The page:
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The One Item You Should Always Hide in Your Hotel Room When Traveling

Having your bag or wallet stolen on vacation is every traveler’s worst nightmare. Not only will you lose your belongings, but you’ll be stranded away from home without any credit cards or cash. ApplePay and other payment apps will be useless if your phone is taken as well. 

Stashing an emergency credit card back at your hotel room can be a lifesaver if you lose (or are robbed) of your purse/wallet on vacation, as it will give you the funds you’ll need to tide you over until you get home. However, there are a few tips you should follow to make the emergency credit card useful.

Make Sure to Keep It Active

Close up of hand swiping a credit card in a credit card machine
Rido | Adobe Stock

An emergency credit card is, by definition, not to be used very often. However, this idleness can be a red flag to the credit card company. If a card is not used at least once in a year, the issuing company may deem the card as inactive and cancel your account—without even notifying you. This would obviously be a huge problem if you do need your emergency credit card and find that it’s no longer valid. Be sure to use your backup credit card at least once a year (and pay it off immediately, so you don’t forget about the balance and rack up high interest charges) in order to keep it active. 

A Card Can Help Verify Identity

Passport, money, credit cards, model plane, and camera on top of a map
pic3d | Adobe Stock

If you lose your driver’s license or passport, you’ll still need to prove your identity in order to get temporary identification issued so that you can fly home. Having a credit card in your name can help with the verification process.

If a passenger on a domestic flight has lost their ID card, there are some ways the airline and TSA can work with the passenger to prove their identity and let them fly. Showing a credit card in your name can help with this. 

Only Hide It in the Hotel Safe if You’ll Remember It

Close up of open hotel safe
M-Production | Adobe Stock

An emergency credit card is easy to hide in your hotel room. Although the safe is the most secure option, you could stash it in the pages of a book, in your luggage, or even in a shoe that you’re not wearing. If a single credit card is the only thing you’re stashing in the safe, it’s highly likely that you’ll forget it upon checking out. If you do utilize the safe, set yourself a reminder in your phone to empty it, tape a note to yourself on the inside of the hotel room door, or put something that you know you won’t leave without in the safe along with the card.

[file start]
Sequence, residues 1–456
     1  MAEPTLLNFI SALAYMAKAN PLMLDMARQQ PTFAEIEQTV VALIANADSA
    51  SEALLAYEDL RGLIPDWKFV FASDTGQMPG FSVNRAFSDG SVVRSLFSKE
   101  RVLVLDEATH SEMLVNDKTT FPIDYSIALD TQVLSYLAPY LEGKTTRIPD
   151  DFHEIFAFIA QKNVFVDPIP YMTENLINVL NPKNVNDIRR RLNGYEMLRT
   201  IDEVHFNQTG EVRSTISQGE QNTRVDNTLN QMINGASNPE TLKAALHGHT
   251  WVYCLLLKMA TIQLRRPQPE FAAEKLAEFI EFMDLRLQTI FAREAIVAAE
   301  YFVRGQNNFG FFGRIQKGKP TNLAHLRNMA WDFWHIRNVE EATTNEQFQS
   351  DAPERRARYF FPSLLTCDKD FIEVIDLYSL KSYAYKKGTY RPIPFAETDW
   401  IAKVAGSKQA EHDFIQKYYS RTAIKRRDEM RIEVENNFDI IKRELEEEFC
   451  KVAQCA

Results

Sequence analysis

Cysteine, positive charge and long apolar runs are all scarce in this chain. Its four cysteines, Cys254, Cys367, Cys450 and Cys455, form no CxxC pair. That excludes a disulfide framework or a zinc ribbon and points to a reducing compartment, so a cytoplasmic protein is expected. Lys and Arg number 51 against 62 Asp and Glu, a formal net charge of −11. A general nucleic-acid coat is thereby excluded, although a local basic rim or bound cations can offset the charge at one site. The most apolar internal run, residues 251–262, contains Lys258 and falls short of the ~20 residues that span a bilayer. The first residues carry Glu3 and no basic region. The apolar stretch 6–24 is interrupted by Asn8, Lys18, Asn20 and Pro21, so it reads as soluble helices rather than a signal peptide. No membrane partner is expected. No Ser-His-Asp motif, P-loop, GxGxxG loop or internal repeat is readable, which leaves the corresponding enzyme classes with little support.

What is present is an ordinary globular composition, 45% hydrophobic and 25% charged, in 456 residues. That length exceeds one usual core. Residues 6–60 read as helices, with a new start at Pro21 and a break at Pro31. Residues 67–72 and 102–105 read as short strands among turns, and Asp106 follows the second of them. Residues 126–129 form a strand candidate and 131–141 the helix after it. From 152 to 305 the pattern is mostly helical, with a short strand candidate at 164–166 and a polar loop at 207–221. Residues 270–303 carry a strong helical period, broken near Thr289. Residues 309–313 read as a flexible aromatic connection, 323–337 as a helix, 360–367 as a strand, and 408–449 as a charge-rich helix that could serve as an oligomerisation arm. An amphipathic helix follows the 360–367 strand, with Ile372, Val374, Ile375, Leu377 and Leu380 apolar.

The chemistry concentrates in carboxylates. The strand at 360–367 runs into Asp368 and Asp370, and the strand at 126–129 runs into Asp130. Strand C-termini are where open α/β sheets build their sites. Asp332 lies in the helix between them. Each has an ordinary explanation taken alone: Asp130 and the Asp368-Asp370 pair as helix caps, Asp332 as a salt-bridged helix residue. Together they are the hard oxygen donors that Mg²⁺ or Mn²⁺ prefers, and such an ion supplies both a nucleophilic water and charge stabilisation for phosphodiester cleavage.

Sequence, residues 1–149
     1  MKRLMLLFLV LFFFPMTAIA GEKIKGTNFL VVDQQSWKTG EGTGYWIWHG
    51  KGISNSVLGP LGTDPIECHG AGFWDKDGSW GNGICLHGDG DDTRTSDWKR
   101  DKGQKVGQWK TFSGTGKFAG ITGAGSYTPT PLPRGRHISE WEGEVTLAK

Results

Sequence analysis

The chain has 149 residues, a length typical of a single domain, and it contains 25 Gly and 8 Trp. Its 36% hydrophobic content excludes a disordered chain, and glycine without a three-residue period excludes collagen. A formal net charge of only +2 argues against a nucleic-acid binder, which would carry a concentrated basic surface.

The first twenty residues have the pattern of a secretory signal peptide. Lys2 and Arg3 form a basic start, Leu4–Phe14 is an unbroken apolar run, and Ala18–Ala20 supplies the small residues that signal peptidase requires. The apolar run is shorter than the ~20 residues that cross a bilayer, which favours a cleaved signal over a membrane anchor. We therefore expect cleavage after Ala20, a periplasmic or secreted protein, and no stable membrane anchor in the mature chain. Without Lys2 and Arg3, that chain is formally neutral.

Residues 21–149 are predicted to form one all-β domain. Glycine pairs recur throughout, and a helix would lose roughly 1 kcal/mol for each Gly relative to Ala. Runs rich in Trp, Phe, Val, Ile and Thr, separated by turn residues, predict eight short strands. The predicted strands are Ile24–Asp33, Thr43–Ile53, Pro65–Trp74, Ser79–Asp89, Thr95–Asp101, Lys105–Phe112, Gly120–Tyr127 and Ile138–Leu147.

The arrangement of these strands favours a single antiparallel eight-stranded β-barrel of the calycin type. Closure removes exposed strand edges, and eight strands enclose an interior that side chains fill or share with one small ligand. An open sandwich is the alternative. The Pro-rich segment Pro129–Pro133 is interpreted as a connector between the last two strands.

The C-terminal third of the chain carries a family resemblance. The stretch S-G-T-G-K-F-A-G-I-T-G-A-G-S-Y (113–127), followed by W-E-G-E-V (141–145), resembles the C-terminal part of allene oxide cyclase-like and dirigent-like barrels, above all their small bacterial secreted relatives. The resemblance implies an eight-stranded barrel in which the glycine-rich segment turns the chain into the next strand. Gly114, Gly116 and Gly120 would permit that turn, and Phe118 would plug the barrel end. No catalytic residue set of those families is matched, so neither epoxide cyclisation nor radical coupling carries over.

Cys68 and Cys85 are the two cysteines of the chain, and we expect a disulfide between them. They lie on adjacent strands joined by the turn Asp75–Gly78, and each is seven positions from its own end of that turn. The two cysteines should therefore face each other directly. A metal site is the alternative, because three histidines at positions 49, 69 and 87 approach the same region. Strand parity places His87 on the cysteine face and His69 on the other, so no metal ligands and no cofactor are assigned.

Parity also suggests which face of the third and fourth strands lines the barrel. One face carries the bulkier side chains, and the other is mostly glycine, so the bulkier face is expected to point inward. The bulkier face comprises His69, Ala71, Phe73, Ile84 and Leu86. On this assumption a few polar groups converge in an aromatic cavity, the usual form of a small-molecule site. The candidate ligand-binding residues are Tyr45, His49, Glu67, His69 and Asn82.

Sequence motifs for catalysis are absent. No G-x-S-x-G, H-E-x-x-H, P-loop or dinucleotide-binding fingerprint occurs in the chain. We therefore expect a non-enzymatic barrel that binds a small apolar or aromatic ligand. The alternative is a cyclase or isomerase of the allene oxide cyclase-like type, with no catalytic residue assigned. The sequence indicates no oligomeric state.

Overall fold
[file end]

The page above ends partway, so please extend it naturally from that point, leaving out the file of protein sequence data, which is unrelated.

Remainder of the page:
Make Sure to Set a Travel Notification if Needed

Close up of person holding a credit card in one hand and a smartphone in the other hand while working at a laptop
Africa Studio | Adobe Stock

You don’t want to use your emergency credit card only to have your transaction blocked because it’s coming from outside of the country. Before you travel, be sure to notify your credit card of your trip in order to reduce the chances of getting flagged. You can usually do this online via your credit card portal or by calling customer support. 

However, some credit card companies have moved away from travel notifications, meaning you can skip this step. (Capital One, for example, tells customers “You don’t need to notify us about your travel plans anymore thanks to the added security of your Capital One chip card. You can use your card abroad the same as you use it at home. Please check that your email and phone number are up to date in case we need to reach you.”)

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